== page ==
Voting Goes Mostly Smooth in Cuyahoga County

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CLEVELAND — The Cuyahoga County Elections Board conducted another mostly smooth election that was free of any major problems.

There were a few problems that included some scanners that wouldn’t read slightly torn ballots, and some issues getting enough provisional ballot envelopes to a few precincts that needed them.

But neither problem stopped any votes from being cast.

“Every regular vote that was cast today will be counted,” said Elections Board Director Jane Platten.

She added that some so-called “provisional ballots” are always thrown out because they don’t meet the requirements.

Those are ballots cast by people who may have changed their name or address – but didn’t notify the elections board.

Earlier in the day Tuesday, several voters reported problems with processing completed ballots into scanners.

At an afternoon news briefing, Jane Platten, the Director of the Cuyahoga County Board of Elections, explained a perforation issue was to blame.

Some ballots were slightly torn by poll workers as they attempted to remove the ballots from the packs.

Because of the tearing, the ballots wouldn’t feed into the machine.

After some troubleshooting, it was determined that the scanners would accept the torn ballots if they were turned around, so the problem ballots were fed that way.

No one was turned away and the voting process was not interrupted by the scanner jams.

The ballots that were not able to be fed into the machine during the initial problem will be counted.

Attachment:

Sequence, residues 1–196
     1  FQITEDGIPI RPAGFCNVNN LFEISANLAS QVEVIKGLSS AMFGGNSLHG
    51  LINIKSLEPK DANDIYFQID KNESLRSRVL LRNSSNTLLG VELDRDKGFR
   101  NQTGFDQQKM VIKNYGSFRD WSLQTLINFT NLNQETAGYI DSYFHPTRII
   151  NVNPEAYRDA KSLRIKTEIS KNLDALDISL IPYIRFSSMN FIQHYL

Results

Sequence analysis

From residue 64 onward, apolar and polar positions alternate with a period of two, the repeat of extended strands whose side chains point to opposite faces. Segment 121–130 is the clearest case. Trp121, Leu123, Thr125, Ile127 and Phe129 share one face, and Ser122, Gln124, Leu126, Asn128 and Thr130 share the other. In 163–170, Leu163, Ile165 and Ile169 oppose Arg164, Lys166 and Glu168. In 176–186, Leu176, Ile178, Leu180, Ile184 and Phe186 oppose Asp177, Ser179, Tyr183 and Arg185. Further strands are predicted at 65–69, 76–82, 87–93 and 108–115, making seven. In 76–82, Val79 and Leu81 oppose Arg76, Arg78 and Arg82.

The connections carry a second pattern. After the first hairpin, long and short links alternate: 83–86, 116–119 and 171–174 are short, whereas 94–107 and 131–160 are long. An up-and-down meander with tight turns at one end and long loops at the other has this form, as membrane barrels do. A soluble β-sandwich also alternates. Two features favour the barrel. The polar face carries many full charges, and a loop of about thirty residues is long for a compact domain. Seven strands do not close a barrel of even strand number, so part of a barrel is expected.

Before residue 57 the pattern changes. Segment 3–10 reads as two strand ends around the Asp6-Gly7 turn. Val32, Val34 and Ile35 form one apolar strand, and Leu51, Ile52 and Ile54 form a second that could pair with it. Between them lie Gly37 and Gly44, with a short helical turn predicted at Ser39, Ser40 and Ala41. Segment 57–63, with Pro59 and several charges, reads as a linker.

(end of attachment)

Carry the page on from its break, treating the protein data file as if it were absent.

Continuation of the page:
They were put into a secure, back-up ballot box.  Throughout the day, a democrat and republican poll worker will work together to feed the remaining ballots into the machines.

It was not known how many voters were affected by the scanner problem.

The BOE said Cuyahoga County voter turnout was expected to meet or exceed 2008 figures.

Read about national voting snags here …

Also at the news briefing, Platten cleared up any confusion on the type of writing instrument that may be used to darken the ovals on the ballot.

Blue or black ink may be used.  A pencil will also work, but it is not preferred. 

Though there have been lines at some Cuyahoga County polling locations, they were well-managed and people were patient, Platten said.  There were no indications that voters experienced extremely long waits.

The official count that includes provisional ballots will not be tallied until the end of November.

In 2008, roughly 29,000 provisional ballots were cast in Cuyahoga County, and about 7,400 were thrown out.

Rely on Fox 8 News and for election updates.